Scores of commencement ceremonies around the United States have been canceled or postponed this spring due to the COVID-19 pandemic. That means scores of graduation gowns could sit unused in closets.
Instead, Taran Catania ’13, an MBA student at the University of Vermont, wants students past and present to put those gowns to a different use. Together with her classmate Nathaniel “Than” Moore, who works as an emergency medicine physician assistant in the UVM Medical Center, Catania earlier this month launched Gowns4Good, which coordinates the donation of gowns to health care providers on the front lines of the pandemic. The gowns will function as alternative personal protective equipment (PPE), to add an extra barrier of protection between medical staff and patients.
“Medical facilities worldwide are lacking personal protective equipment and are using anything they can to protect themselves,” Catania said, noting that even makeshift gowns made from trash bags are reportedly being used as doctors, nurses, and others care for people with COVID-19. “Instead of . . . [other] alternative forms of PPE, graduation gowns are more effective, given their length, sleeves, and easy donning with zippered access. If worn backwards, they have a high neckline to further decrease exposure.”
Gowns4Good is asking students from any institution or level (high school or beyond), as well as schools and manufacturers, to donate clean graduation gowns—new or used—that are unable to be worn this year. After gowns are donated and shipped (following instructions on the Gowns4Good site), the group packages and sends them in batches to medical facilities, including hospitals, long-term care facilities, and COVID-19 testing sites.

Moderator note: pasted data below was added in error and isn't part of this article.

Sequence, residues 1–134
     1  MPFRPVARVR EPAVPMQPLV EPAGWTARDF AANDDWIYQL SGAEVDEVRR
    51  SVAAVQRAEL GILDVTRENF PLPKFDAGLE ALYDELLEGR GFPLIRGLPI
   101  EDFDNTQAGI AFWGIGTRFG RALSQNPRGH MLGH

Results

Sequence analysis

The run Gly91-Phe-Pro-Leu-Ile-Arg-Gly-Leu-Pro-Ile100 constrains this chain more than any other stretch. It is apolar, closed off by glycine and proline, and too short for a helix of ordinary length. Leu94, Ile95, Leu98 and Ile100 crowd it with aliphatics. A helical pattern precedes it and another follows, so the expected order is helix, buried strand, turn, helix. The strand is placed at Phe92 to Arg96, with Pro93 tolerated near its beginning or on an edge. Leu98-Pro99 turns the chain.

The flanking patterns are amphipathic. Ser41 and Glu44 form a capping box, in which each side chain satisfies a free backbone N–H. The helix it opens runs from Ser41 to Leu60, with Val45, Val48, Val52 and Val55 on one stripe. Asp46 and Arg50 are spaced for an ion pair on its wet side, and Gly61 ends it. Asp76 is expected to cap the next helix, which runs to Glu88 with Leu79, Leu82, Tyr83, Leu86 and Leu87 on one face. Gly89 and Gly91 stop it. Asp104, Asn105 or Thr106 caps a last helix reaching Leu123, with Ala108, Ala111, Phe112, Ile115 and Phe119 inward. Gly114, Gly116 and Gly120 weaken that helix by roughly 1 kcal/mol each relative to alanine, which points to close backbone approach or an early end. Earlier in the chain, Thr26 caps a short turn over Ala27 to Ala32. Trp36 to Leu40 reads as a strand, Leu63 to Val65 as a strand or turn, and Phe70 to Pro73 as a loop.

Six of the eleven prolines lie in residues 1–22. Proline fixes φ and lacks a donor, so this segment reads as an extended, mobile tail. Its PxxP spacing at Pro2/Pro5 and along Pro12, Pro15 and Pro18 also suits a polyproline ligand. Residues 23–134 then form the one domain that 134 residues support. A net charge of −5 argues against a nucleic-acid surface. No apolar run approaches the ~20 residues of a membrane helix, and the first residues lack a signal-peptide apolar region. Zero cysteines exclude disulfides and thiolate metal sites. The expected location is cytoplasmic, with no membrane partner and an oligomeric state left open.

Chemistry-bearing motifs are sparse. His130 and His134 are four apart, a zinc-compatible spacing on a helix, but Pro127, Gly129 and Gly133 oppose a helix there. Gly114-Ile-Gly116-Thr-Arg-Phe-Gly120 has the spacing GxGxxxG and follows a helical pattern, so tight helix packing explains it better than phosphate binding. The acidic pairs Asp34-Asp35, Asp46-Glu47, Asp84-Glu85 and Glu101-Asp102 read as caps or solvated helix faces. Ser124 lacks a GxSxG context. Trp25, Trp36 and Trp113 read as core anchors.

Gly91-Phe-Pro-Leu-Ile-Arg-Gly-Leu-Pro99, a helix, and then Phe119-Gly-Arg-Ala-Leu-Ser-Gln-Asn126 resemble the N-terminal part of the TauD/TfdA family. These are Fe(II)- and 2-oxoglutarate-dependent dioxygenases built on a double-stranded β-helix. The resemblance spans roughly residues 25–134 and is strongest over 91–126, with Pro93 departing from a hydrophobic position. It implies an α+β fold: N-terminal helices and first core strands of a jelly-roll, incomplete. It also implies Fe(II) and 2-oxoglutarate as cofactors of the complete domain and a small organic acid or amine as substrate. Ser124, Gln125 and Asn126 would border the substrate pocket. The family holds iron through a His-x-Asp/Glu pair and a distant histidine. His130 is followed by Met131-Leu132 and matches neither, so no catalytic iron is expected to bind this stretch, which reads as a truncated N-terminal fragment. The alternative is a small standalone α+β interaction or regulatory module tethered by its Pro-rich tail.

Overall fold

So far, the group has already had commitments for more than 1,300 individual gown donations, with corporate partnership donations in the works for several thousand more, Catania said. More than 50 medical facilities have requested over 10,000 gowns and counting, and the group is currently working to send significant shipments to sites in New York, New Hampshire, Ohio, Connecticut, and New Jersey.
“We have had such an incredibly warm reception—everything from donations pouring into our GoFundMe to help with shipping costs to medical facilities, to schools (including one in northeast Connnecticut) organizing and hosting their own community socially-distanced ‘drive through’ collection sites,” said Catania. (She noted that she has been “using everything I can muster out of my Wesleyan tool kit [to run Gowns4Good], from my systems-thinking mindset learned through my government/College of the Environment double major, down to the use of statistics software from Professor Erika Franklin Fowler’s Empirical Methods for Political Science class.”)
“As someone who is not a health care provider myself, this is a tangible way I can help the people who are taking care of us,” Catania said. “On a personal level, every day my friend Than walks into the ER as a health care provider, I’m so thankful he has PPE. When I think about other people who are having to worry about their friends and loved ones walking into emergency rooms without proper PPE, my heart breaks. Gowns4Good is my way of helping to protect other people’s ‘Thans’—and give back in whatever way I can.”